Many businesses — and soda drinkers alike — are hoping that Mayor Michael Bloomberg’s proposed soda ban will fizzle out.
Russell Levinson, the general manager of MovieWorld in Douglaston Plaza, said the rules under the ban were unfair and would severely hurt his theatre’s business.
“It’s hitting us disproportionately — movie theatres and fast food chains will be the most affected,” he said.
The theatre, along with other businesses, has signed a citywide petition against the suggested ban. At press time, 183,463 individuals and 2,002 organizations have signed it.
Levinson then posted the petition on the theater’s website. Another way to catch the interest of moviegoers was the theatre’s marque. For several weeks, the line “say no to the soda ban” sat on the bottom marque — under the list of this summer’s top blockbusters.
Levinson said the efforts might not amount to much, but was hopeful that there might be some final decision or compromise that would washout the ban.
“I don’t have a lot of confidence that we’re going to be successful, but maybe there will be some last minute miracle,” he said.
Bloomberg said at a Tuesday, August 28 press conference that his administration was not changing any rules in the soda ban.
“If you ask the question, ‘Should we ban full-sugar drinks?’ you get the answer, ‘No,’” Bloomberg told The Wall Street Journal. “Unfortunately for your story line, that’s not what we’re doing. All we’re doing is saying that restaurants and movie theaters can’t use greater than 16-ounce cups. But if you want to buy five of them and drink it, you can go ahead and do it. So, nobody’s hurting anything.”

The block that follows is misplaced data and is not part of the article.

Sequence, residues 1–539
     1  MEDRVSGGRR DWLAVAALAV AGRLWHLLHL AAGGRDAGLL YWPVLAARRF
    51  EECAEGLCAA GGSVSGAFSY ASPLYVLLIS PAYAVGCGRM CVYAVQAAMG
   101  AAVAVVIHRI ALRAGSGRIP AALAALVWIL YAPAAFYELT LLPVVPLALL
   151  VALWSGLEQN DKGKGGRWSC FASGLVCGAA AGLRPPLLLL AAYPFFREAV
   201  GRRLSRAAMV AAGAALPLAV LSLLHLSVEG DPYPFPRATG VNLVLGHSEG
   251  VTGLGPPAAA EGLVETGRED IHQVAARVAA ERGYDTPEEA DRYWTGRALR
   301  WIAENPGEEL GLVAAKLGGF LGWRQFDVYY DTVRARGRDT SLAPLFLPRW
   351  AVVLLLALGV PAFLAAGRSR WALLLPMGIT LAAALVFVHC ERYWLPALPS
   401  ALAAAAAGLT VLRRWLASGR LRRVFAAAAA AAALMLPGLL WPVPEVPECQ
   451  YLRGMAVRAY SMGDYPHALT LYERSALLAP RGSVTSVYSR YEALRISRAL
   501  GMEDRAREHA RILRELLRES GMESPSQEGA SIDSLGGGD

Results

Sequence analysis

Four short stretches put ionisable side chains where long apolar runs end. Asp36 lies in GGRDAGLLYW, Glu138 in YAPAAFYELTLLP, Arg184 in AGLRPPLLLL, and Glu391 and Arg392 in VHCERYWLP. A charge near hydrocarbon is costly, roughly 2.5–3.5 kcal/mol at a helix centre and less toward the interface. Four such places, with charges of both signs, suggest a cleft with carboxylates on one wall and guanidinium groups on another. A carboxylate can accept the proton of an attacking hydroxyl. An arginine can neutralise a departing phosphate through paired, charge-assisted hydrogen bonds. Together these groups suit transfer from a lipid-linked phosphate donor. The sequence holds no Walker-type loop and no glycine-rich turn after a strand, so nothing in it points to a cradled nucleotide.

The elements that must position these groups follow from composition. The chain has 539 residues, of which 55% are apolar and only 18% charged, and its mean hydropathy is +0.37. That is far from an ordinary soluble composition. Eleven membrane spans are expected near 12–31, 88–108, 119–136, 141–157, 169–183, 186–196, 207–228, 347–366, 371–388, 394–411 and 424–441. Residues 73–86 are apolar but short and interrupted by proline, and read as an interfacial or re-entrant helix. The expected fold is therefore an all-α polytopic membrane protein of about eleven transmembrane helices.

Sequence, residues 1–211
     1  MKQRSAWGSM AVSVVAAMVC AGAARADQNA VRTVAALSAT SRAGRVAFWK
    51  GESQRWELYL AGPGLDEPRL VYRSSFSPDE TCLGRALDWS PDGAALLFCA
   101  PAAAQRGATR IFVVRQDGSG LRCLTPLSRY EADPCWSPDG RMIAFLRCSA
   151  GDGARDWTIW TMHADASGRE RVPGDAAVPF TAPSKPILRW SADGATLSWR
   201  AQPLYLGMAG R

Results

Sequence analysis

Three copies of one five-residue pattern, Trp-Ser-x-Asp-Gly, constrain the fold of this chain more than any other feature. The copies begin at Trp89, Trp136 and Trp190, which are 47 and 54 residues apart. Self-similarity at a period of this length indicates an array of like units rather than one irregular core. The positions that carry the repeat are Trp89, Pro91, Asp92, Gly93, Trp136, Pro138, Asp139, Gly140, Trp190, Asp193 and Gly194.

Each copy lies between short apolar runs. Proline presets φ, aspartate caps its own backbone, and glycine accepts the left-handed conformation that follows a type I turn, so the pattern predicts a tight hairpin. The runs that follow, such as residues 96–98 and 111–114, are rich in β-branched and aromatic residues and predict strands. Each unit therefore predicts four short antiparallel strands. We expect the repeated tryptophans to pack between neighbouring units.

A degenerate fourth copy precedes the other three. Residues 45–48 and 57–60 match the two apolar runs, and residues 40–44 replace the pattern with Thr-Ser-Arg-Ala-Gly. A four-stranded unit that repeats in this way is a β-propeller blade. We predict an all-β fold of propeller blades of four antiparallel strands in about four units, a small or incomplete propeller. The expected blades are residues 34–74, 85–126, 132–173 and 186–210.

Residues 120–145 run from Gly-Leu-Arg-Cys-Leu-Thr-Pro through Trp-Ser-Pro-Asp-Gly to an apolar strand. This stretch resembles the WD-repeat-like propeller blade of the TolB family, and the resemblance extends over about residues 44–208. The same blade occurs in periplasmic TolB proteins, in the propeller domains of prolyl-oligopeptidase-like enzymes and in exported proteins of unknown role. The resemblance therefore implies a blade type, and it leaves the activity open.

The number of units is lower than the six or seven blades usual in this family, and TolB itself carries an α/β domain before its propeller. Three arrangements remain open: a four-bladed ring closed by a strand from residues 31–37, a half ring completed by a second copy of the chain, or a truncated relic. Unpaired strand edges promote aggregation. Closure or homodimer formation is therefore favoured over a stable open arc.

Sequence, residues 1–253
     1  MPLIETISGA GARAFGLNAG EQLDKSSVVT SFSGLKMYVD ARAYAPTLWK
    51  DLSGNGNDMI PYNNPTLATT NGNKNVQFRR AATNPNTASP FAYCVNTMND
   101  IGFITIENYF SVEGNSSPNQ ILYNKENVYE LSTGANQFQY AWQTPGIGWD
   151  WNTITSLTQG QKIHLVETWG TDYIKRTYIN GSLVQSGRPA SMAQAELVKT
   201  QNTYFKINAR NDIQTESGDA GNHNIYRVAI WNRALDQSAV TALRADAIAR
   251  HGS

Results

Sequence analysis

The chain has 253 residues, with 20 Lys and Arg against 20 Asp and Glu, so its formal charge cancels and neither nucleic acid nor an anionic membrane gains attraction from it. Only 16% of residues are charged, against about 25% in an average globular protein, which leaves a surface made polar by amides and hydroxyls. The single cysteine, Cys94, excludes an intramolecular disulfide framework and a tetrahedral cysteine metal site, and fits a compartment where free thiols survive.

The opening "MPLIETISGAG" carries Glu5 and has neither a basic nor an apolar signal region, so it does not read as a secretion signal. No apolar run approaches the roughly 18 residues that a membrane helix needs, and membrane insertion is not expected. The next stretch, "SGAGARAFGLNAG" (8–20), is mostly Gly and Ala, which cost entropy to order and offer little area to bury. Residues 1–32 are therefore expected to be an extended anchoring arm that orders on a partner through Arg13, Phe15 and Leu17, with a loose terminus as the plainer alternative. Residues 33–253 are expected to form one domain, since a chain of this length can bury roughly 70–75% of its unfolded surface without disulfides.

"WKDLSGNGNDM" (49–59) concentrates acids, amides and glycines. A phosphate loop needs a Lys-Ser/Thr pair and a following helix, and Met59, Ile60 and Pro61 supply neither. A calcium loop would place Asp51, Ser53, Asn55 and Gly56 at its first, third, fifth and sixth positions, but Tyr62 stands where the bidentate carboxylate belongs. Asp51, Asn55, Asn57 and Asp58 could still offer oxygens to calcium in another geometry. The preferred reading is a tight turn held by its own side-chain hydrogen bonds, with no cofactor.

The smallest size soda at MovieWorld, which is independently owned, is the “kids” size that is 12 ounces, Levinson said. The theatre’s size small is 22 ounces, Levinson said, and would be way over the limit set under the ban.
“Your smallest kids size would just make it,” he said. “Everything will have to be changed and [soda companies] will have to come up with new alternatives as well.”
MovieWorld, like many other theaters, does not profit from ticket sales; rather, concession sales — popcorn, candy, nachos and soda — account for the theatre’s main revenue.
“You only make profit in concession,” he said. “Your popcorn and your soda are your two biggest sales and your two biggest profit margins. We will have to be very creative if this goes through.”
While fighting obesity is a good idea to Levinson, the theatre manager said banning soda from movies and restaurants was not the best way to go about it.
“I just think it’s the wrong way to go about fighting obesity,” he said. “I don’t think it attacks the problem where it should be. Soda is maybe 10 percent of somebody’s diet at most.”